Kristina Davitt (LPS, ENS)

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20 juin 2016 11:30 » 12:30 — Bibliothèque PCT - F3.04

Contact Angle Hysteresis and Dynamics on Real Surfaces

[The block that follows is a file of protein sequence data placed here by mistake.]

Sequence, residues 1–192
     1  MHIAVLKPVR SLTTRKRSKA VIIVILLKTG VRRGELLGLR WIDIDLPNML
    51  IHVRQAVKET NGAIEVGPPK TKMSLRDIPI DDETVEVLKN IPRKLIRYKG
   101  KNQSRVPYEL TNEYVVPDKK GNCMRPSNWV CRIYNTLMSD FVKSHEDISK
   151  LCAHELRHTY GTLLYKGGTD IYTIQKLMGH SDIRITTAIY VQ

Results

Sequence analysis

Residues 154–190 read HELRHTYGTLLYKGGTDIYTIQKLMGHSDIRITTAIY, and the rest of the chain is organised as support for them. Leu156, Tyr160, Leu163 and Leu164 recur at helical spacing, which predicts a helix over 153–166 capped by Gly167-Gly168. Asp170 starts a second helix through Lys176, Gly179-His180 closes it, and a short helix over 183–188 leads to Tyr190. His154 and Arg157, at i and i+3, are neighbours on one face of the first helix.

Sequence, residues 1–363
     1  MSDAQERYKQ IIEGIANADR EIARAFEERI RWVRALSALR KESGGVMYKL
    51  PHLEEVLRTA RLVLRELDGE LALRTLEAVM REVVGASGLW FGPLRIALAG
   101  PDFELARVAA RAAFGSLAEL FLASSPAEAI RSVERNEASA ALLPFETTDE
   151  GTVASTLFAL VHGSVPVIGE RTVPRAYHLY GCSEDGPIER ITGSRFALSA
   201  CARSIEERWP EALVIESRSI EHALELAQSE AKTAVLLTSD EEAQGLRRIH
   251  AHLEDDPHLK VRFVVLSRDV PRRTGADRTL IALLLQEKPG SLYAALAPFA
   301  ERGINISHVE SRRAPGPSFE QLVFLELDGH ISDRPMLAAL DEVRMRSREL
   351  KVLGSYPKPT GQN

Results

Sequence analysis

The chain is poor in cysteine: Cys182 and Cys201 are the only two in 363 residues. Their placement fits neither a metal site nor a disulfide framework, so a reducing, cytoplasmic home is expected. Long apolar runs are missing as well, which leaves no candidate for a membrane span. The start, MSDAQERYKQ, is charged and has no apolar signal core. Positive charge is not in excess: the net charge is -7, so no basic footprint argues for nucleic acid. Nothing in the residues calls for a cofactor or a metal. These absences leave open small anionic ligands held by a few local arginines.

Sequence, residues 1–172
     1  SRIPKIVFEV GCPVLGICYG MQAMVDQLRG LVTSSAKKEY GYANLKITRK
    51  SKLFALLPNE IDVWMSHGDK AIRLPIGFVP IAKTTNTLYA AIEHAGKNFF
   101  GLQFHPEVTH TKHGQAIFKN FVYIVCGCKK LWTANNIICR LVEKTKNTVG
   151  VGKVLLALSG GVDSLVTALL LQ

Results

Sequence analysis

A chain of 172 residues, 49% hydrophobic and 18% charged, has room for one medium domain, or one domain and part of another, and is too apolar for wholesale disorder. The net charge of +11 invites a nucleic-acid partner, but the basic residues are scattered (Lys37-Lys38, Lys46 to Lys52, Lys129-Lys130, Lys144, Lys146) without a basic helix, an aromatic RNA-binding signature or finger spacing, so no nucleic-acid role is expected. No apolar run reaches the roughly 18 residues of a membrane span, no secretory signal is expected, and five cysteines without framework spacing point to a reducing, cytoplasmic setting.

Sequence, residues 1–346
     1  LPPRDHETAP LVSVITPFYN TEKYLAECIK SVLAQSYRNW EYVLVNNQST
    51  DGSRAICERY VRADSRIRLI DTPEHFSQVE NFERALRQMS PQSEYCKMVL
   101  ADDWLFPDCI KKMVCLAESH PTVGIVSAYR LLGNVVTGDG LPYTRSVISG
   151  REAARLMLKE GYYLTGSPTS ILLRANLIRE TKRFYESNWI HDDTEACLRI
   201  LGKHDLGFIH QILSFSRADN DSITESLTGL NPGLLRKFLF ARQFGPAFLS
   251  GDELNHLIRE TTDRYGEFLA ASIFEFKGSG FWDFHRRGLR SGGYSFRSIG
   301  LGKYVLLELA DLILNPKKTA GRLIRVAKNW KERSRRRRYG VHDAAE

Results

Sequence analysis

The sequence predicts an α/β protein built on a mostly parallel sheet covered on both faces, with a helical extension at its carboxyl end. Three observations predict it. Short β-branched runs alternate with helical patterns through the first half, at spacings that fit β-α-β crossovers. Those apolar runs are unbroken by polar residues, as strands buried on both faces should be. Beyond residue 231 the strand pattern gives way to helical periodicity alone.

Real surfaces are rough, chemically heterogeneous, coated with molecular layers, or even all of the above. It is well known that liquid drops on such surfaces exhibit a contact angle hysteresis due to the pinning of the contact line. Over 30 years ago Joanny and de Gennes developed what is arguably still the best simple model of hysteresis and yet only a handful of experiments have attempted to test this model quantitatively on controlled surfaces. One can also ask how this same small-scale disorder affects the motion of the contact line. We use well-controlled systems in order to identify the essential elements that drive contact angle hysteresis and contact-line dynamics on real surfaces. I will talk about what we have learned from recent experiments performed on surfaces ranging from evaporated metallic films to dispersed nanobeads and adsorbed polymer films. We find that the hysteresis scales as predicted with the shape and density of defects and deduce an effective contact-line spring constant showing that the line is stiffer in the presence of defects. We are able to identify a regime of thermally-activated dynamics at low velocities, but which depends surprisingly little on the details of the disorder, and in the case of an adsorbed polymer film, we find that the dynamics is dominated by the visco-elastic dissipation in the polymer, despite its nanometric thickness.

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